Gorguts lyrics are outstanding for sure, and I have detected a reverence in them for times long past and the person-types that established such majestic and inspiring worlds. I didn't think much of that theme when I posted my initial thoughts. I always felt like the Lovecraft-worhip lyrics were less relevant but along the same lines; recognition of a superior order of beings that were awesome in contrast to the types of world leaders and heroes that we have today. (I guarantee that no metal band in the future will write about the glories of the ancient Western world and its presidents and congressmen.)

Maybe we could generalize and say that this theme is praise of legends and legendary circumstances?

Those Amorphis and Massacra references are new to me as well; I have just started listening to those respective albums (thanks to your torrent) and will pay close attention to the lyrics throughout my next listen.

Arghoslent took power relationships and the worship of strength to a notable level. Check out some lyrics from their 1998 album Galloping Through the Battle Ruins.

"The Banners of Castille"
Spurred on by hope of conquest
Lusting for spice and gold
Into the churning seas
In the frail bark of tiny boats

Embedded in the soil of every continent
The bones of our ancestors lie
Testifying to a higher mandate
Sent down to warring soldiers

In the shadows of our banners
The indigenous bow to their masters
O' mighty winds caress our sails
And take this wrath away

Men of awesome might
Blue blood bred of steel
On cloven hoofs they ride
In the banners of Castile

In the sign of the martyr's cross
We torch the tropic fields
To the windswept shores of gold
With the banners of Castile

For blood and gold
The banners of Castile are raised... "

And here they aren't afraid to take the trope of the ancient and powerful ancestor and attribute to it a notion of GENETIC superiority. Beyond the music is a sort of deified place for progenitors-of-races which realize their potential through the process of conflict through history. Accompanied by the brilliant proud sound of their music, this is practically the best propaganda for the virtue of military might of the post-fascist era.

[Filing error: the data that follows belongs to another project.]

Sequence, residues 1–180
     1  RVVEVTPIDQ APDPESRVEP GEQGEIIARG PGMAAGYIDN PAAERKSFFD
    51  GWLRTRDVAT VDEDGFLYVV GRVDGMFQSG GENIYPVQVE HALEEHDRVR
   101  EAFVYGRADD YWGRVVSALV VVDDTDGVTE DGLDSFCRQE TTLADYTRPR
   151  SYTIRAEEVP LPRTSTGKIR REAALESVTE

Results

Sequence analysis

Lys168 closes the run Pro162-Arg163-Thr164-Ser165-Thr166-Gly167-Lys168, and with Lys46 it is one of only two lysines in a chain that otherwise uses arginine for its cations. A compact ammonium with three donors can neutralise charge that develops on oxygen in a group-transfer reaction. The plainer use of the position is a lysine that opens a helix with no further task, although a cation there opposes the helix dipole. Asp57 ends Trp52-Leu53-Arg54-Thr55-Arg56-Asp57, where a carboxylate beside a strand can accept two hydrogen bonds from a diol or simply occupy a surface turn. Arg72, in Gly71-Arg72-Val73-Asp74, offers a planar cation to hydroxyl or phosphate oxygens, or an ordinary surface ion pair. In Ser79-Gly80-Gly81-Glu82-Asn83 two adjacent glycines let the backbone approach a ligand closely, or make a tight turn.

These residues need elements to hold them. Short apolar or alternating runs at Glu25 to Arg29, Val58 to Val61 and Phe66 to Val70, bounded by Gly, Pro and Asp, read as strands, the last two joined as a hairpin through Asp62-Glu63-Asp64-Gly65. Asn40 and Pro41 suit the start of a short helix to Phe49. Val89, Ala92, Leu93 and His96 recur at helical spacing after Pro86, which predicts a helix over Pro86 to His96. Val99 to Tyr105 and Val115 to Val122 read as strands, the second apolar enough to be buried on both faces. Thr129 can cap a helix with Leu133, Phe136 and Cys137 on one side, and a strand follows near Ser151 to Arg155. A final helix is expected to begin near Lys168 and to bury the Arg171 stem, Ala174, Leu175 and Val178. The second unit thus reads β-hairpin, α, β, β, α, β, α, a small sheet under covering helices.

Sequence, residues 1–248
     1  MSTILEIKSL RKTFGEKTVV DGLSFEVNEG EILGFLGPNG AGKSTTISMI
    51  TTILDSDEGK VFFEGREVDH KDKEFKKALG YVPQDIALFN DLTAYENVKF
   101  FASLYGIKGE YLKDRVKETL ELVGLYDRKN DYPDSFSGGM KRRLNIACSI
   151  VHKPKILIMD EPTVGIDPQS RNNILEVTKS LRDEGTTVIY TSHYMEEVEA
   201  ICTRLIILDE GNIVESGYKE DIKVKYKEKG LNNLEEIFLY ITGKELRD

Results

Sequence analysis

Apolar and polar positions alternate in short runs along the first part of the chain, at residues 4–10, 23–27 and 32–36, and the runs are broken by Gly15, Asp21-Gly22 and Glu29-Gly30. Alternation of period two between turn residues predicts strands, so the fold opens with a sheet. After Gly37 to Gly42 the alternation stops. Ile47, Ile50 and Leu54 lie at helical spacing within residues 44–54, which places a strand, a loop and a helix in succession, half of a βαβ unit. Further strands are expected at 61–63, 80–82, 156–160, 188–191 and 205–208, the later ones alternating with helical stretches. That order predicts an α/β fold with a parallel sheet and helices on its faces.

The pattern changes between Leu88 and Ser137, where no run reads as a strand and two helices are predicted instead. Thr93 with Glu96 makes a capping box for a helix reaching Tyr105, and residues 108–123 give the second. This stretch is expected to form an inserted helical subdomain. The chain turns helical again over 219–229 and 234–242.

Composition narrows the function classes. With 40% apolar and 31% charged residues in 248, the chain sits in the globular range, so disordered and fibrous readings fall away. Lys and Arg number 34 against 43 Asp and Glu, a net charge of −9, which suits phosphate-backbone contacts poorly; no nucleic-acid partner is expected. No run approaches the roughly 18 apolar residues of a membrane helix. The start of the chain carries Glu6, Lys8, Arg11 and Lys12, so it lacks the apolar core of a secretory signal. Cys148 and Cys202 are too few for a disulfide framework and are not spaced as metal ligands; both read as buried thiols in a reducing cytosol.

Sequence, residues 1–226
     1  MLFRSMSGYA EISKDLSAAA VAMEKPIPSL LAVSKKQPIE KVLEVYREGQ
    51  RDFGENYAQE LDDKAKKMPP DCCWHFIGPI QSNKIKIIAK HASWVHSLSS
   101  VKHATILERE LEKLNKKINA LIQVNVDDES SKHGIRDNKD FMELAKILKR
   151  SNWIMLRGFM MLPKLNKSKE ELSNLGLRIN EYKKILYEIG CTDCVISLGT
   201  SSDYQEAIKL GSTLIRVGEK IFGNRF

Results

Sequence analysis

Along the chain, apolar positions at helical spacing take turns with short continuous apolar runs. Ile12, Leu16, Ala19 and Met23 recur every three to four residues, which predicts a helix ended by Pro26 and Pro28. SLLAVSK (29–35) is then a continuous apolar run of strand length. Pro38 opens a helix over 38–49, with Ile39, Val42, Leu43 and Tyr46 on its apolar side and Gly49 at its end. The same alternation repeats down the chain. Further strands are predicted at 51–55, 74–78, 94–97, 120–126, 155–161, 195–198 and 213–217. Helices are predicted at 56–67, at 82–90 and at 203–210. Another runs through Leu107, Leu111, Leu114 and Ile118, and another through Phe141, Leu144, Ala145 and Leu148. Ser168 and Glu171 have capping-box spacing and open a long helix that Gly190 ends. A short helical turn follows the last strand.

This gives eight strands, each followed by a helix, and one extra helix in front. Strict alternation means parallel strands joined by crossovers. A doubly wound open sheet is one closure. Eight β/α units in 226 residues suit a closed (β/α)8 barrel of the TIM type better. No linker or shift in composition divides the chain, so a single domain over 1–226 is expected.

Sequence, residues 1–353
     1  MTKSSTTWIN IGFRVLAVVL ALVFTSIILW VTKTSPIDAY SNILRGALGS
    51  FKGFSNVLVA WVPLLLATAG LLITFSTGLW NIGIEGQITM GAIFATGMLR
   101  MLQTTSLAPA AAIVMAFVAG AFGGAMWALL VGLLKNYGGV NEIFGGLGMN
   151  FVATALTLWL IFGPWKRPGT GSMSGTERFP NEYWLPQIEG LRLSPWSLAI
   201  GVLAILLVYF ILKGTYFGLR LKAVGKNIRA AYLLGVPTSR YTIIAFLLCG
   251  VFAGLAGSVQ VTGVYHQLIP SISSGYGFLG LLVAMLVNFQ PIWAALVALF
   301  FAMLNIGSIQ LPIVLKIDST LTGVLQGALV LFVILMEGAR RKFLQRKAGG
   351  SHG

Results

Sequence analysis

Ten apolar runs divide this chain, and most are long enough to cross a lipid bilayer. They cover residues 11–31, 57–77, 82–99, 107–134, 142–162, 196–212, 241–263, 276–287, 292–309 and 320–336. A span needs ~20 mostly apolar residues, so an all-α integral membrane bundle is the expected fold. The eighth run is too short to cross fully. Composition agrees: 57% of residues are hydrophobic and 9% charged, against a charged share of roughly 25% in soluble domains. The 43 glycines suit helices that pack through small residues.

--- Quote from: Eleison on October 27, 2013, 05:03:48 AM ---Good thread!  One development in metal lyrics that I find interesting is the push towards an almost theological approach in lyrics of bands like Deathspell Omega and similar acts.  Unfortunately their execution (lyrically and musically) is quite poor.  I would hope that future groups can take this idea and improve on it.  One possible example is SVEST, whose album Urfaust is quite brilliant, although I haven't heard their other work.

This may seem like a strange thing to say but I think that finding suitable subject matter for lyrics goes a long way towards creating quality metal.  Once you have found the concepts which inspire you the music comes quite easily in my experience.

--- End quote ---

There seems to be somewhat of a push to de-emphasis lyrics, vocals, album concepts, cover artwork, production etc as some sort of non-essential aesthetic flourish, especially in the newer 'traditional' bands, but I see this as a mistake. Everything from music as notes to how it is presented is going to have an effect on the audience (whether they realize it or not). It is a lost opportunity not to make the most of that.

As for a theological approach to lyrics, my favourite concept would be based around the three marks of existence of Buddhist doctrine, this would completely blow any other death-metal lyrics out of the water. But I'm terrible at writing and I also worry that other elements of the album might be outweighed by the overly intense lyrical concepts. Not saying it couldn't be done, but it would take some very careful treatment.


--- Quote from: dead last on October 28, 2013, 11:02:42 AM ---
Maybe we could generalize and say that this theme is praise of legends and legendary circumstances?

--- End quote ---

Indeed, but it seems to me that different metal genres tend to do this praise in slightly different manners.  I think I mentioned this before, haha.  Power Metal is clearly on the "good guys'" side and constantly praise them.  Speed Metal seems to just point out the evil directly, without selecting a hero.  Death Metal seems to just state things as fact, IMO, and may even take a tone of adoration toward the dark side.